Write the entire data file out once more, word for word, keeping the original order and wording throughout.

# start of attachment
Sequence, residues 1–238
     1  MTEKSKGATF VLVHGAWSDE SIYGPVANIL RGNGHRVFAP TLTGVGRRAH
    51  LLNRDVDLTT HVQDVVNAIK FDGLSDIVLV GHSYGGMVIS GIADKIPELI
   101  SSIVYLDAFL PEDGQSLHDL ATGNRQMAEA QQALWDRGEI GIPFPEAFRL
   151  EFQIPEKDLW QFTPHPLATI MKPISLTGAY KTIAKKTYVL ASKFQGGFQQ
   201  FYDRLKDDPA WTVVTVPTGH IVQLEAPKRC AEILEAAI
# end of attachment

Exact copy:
Sequence, residues 1–238
     1  MTEKSKGATF VLVHGAWSDE SIYGPVANIL RGNGHRVFAP TLTGVGRRAH
    51  LLNRDVDLTT HVQDVVNAIK FDGLSDIVLV GHSYGGMVIS GIADKIPELI
   101  SSIVYLDAFL PEDGQSLHDL ATGNRQMAEA QQALWDRGEI GIPFPEAFRL
   151  EFQIPEKDLW QFTPHPLATI MKPISLTGAY KTIAKKTYVL ASKFQGGFQQ
   201  FYDRLKDDPA WTVVTVPTGH IVQLEAPKRC AEILEAAI